From the US households' viewpoint, this statement is hardly true.

The household sector directly or indirectly holds much more non-government securities than government paper. Can I then say that the non-government securities market is the monopoly issuer of the NFA for the household sector?

"Still, if you want to believe that the US Gov and Hungarian Gov are somehow in the same place with respect to issuing forints be my guest."

You comeback with a wrong point. I said you confused the public debt denominated in Forints to the whole of public debt itself, forcing you to invent NF(Ft)A(e).

While it is true that assuming the case of a closed economy, the private sector's net financial assets is the public debt but it's completely confused to say that the government is the monopoly creator of "NFA". NFA is a contextual thing such as the NFA of the household sector. It is not reserved to one artificial consolidation of the domestic private and foreign sectors.

This syntax issue extends to the whole of MMT.

The funniest thing in recent time which caught my attention is the non-government sector (which includes foreign governments!).

11:27 AM  
Blogger paul said...

"…The funniest thing in recent time which caught my attention is the non-government sector (which includes foreign governments!)."


I'm glad that your lack of your comprehension skills gives you a giggle every now and then. Inexpensive fun.

The non-government sector includes foreign holders of dollars and dollar-denominated financial assets.

From a system pespective foreign holders of dollars are no different than domestic NFA holders. All it claims is that those holdings (about $4 Trillion) account for part of the total that has been created.

No further assumptions regarding the closed system are necessary.

You are aware aren't you that one can define the boundaries of a closed system as one chooses for convenience. Carelessly-chosen boundaries can render an equation indeterminant. Keep things simple, obviously not your mantra.

How you get from there to the inclusion of foreign governments in our financial flows is beyond me.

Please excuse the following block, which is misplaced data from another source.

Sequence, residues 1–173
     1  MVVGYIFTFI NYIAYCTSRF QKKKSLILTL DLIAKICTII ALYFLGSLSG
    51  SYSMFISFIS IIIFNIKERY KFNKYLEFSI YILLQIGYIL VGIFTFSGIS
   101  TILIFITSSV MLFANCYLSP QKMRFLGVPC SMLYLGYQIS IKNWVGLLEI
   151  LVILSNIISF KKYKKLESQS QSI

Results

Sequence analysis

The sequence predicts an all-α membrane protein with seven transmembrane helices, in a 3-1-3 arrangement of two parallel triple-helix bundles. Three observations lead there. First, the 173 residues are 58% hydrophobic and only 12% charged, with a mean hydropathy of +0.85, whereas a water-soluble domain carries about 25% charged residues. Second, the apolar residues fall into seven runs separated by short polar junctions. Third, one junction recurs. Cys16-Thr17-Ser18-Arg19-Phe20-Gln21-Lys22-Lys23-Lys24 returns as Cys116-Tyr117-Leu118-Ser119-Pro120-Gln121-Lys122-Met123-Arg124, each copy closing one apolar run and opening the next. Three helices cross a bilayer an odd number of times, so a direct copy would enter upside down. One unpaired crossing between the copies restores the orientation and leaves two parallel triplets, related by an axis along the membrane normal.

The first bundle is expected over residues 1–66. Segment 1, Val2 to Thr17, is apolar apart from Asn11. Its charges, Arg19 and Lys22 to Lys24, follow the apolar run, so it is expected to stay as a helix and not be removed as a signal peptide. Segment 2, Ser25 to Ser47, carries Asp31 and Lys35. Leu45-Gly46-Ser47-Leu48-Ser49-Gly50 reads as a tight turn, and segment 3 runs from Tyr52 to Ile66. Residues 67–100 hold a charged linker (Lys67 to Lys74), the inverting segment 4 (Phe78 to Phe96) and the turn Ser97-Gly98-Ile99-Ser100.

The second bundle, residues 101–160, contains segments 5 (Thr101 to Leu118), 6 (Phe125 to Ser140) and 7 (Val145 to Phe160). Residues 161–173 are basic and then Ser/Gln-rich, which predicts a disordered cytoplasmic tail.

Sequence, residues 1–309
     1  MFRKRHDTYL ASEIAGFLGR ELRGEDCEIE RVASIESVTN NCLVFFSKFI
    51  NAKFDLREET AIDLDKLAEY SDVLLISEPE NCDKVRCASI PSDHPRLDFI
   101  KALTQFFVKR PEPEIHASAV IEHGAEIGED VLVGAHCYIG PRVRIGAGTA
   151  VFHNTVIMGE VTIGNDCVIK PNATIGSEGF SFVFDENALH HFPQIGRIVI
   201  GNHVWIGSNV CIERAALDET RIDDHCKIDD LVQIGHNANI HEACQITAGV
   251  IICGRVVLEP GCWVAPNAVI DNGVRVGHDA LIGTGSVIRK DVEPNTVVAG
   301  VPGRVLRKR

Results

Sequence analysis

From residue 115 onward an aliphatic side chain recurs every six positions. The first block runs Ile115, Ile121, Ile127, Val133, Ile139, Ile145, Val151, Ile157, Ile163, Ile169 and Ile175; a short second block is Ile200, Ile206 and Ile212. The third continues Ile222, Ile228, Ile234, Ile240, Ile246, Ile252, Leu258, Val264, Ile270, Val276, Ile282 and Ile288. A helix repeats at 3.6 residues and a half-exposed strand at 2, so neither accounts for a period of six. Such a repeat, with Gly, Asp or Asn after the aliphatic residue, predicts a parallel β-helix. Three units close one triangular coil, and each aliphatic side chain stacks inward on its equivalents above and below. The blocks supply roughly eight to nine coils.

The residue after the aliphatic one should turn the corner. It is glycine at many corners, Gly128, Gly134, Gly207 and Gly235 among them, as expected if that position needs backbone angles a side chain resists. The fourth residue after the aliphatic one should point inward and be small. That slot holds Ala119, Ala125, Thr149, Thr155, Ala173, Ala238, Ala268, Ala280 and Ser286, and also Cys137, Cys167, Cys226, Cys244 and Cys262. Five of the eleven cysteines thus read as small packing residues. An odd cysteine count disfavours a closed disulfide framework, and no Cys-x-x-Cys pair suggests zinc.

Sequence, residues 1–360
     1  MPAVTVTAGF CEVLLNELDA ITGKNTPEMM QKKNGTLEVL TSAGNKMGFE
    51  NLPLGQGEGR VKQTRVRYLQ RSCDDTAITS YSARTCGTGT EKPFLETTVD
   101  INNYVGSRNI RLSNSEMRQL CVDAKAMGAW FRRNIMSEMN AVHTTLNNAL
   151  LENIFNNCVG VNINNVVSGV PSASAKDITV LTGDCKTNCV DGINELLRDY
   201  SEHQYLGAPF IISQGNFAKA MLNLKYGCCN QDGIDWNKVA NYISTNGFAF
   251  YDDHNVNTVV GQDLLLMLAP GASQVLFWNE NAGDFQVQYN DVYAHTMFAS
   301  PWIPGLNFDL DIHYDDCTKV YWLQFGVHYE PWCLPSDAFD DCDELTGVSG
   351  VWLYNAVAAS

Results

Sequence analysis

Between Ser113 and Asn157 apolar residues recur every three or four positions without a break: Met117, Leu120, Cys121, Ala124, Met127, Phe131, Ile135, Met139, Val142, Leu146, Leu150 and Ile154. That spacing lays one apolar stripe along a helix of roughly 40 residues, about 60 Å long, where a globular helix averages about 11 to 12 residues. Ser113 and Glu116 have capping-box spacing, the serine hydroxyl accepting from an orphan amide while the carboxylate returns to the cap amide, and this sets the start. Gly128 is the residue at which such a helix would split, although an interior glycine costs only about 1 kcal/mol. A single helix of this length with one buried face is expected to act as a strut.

You are with each comment further illustrating the fact that you have no understanding of systems or properties thereof.

12:01 PM  
Blogger winterspeak said...


Of course! It all comes down to what you're trying to illustrate. The US Govt has this thing called the "national debt" -- what is it? Some contexts make this clear, other contexts make cloudy.

And it certainly is funny to think of a non-government sector which includes foreign governments, but if you think in terms of currency issuers (for a particular currency) vs currency users (for that same currency) then it all makes sense. And remember -- the non-government sector also includes states and city government!

And the US Fed does have a monopoly on currency (not currency *notes*, although it also has a monopoly on that) if you define currency the way I have been. Or if you think about currency as what the national debt is in the currency-user (non US-Fed) sector.

There interesting thing about defining currency-user as "non US-Fed" is that it calls into question whether the Treasury is a currency user or issuer. Something that's been discussed many times.

12:01 PM  
Blogger Ramanan said...

"From a system pespective foreign holders of dollars are no different than domestic NFA holders. All it claims is that those holdings (about $4 Trillion) account for part of the total that has been created."


Sectoral balances are *sectoral* balances as I said. They are not currency+sectoral balances.

The national accountants take sectors and calculate the stocks of assets and liabilities in all currencies including the domestic one and then calculate one balance sheet for each sector.

Whether the People Bank of China is an issuer of USD is irrelevant as to whether it is to be called the nongovernment sector.

English is not so inflexible as to include the People Bank of China in the "non-government sector". If national accountants have a good set of definitons why not use it?

12:18 PM  
Blogger Ramanan said...

"whether it is to be called the nongovernment sector."

Whether the People Bank of China is an issuer of USD is irrelevant as to whether it is to be dumped in the so called nongovernment sector.

12:20 PM  
Blogger Ramanan said...


"And remember -- the non-government sector also includes states and city government!"

Wynne Godley who realized the importance of the sectoral balances and made it popular included State and Local governments in the government sector.

The Federal Reserve's Flow of Funds also does that.

"if you define currency the way I have been"

Currency is used in a wide sense such as the US dollar a unit of account. And this is the only sense which makes sense to me. You have other definitions?

In another loose sense I could use currency as anything which one can use for everyday transactions. But I can't buy Apples with a 30 year government bond.

12:26 PM  
Blogger Игры рынка said...

Paul: "The non-government sector includes foreign holders of dollars and dollar-denominated financial assets."